The average life expectancy of a Jug is between 10 and 12 years when properly cared for and fed an appropriate good quality diet to suit their ages.
Like many other breeds, the Jug may suffer from a few hereditary health issues depending very much on both Environmental factors and traits handed down from the parents.
Conditions that can sometimes affect the breed are:
- Hip dysplasia – Breeders should have stud dogs tested
- Patellar luxation
- Breathing problems
- Skin disorders
- Inflamed corneas
- Weepy eyes
Caring for your puppy
As with any other breed, Jugs need to be groomed on a regular basis to make sure their coats and skin are kept in top condition. They also need to be given regular daily exercise to ensure they remain fit and healthy often a nice garden is adequate. Jugs will need to be fed good quality food that meets all their nutritional needs throughout their lives.
Both smooth coated and rough coated Jugs are low maintenance on the grooming front and only need a weekly or twice weekly brush to keep things tidy and their coats in good condition. They do shed quite a lot (malting) always once and sometimes twice a year.
Because they often develop weepy eyes, it’s important to wipe them with a damp, soft cloth when necessary.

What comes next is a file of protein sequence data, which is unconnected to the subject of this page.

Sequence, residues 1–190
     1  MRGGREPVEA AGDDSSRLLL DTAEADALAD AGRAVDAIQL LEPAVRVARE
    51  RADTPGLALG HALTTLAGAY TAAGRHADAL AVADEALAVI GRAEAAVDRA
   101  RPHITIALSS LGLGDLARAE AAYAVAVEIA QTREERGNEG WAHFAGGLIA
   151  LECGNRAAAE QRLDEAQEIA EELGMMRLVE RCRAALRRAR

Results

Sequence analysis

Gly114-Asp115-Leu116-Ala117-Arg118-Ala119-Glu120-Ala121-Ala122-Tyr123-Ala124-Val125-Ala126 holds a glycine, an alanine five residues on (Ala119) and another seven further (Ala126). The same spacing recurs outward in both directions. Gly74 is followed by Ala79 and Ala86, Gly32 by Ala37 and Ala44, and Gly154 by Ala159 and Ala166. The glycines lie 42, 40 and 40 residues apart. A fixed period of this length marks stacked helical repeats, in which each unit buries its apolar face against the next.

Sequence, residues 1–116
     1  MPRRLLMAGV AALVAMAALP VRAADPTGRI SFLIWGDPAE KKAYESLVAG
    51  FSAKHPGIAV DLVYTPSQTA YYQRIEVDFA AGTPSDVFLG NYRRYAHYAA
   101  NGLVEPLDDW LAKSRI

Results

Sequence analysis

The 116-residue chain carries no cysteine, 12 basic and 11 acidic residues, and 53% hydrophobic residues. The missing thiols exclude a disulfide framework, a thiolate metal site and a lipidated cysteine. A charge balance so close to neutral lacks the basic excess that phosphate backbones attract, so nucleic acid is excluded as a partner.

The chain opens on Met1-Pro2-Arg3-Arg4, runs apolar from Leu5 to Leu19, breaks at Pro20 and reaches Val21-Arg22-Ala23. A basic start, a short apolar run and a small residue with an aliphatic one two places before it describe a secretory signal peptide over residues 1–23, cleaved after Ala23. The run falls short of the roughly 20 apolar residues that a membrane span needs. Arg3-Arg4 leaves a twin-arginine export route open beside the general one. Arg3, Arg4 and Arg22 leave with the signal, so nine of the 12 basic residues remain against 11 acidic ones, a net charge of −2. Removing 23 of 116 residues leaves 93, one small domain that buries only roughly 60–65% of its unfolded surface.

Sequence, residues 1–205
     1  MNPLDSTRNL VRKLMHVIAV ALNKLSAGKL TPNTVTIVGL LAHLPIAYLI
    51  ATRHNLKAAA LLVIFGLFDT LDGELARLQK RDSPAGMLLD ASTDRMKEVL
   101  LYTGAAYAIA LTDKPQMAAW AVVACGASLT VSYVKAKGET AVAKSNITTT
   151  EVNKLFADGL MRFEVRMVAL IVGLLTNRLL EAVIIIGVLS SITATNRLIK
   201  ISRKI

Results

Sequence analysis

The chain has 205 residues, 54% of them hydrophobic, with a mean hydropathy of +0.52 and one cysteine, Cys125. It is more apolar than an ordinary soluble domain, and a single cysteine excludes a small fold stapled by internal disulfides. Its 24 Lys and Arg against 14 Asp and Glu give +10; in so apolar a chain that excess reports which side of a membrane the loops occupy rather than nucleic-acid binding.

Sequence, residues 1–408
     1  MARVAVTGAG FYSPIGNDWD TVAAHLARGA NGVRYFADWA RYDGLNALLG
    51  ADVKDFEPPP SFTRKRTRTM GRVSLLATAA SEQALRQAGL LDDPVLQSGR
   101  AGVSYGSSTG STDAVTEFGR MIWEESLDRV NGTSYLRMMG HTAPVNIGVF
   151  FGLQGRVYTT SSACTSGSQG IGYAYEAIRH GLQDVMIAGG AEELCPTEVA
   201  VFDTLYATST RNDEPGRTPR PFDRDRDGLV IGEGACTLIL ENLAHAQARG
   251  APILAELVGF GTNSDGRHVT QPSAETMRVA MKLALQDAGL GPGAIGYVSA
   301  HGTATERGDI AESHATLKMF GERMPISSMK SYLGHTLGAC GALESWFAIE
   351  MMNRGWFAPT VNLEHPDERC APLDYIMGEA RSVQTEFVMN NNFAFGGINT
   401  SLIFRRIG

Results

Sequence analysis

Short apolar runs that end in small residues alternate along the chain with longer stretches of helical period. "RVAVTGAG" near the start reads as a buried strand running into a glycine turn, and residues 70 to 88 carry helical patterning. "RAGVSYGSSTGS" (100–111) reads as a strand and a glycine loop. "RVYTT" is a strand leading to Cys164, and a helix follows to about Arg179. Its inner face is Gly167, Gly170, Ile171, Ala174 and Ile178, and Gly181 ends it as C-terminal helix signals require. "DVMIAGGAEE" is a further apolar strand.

It’s also important to check your dog’s ears on a regular basis and to clean them when necessary. If too much wax is allowed to build up in a dog’s ears, it can be become painful.
We at Little Rascals are always here to advise, so please get in touch if you’re unsure.
The Jug is quite a high energy, intelligent dog and as such they need to be given the right amount of daily exercise and mental stimulation for them to be truly happy, well rounded and obedient dogs. They need anything from 30 to 40 minutes exercise a day with as much off the lead / in the garden (or park) time as possible.
If you get a Jug puppy from any breeder, they should give you a feeding schedule and it’s important to stick to the same routine, feeding the same puppy food to avoid any tummy upsets.